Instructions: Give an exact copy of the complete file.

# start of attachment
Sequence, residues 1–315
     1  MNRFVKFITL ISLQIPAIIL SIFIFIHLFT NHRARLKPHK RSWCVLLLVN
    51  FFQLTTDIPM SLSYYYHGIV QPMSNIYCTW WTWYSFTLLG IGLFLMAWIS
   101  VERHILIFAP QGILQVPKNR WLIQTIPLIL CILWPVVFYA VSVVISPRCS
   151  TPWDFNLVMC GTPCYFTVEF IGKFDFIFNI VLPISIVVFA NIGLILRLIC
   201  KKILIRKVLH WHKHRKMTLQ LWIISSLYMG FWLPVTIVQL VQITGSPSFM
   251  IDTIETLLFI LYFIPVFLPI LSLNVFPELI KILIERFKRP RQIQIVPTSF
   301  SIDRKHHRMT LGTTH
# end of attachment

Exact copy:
Sequence, residues 1–315
     1  MNRFVKFITL ISLQIPAIIL SIFIFIHLFT NHRARLKPHK RSWCVLLLVN
    51  FFQLTTDIPM SLSYYYHGIV QPMSNIYCTW WTWYSFTLLG IGLFLMAWIS
   101  VERHILIFAP QGILQVPKNR WLIQTIPLIL CILWPVVFYA VSVVISPRCS
   151  TPWDFNLVMC GTPCYFTVEF IGKFDFIFNI VLPISIVVFA NIGLILRLIC
   201  KKILIRKVLH WHKHRKMTLQ LWIISSLYMG FWLPVTIVQL VQITGSPSFM
   251  IDTIETLLFI LYFIPVFLPI LSLNVFPELI KILIERFKRP RQIQIVPTSF
   301  SIDRKHHRMT LGTTH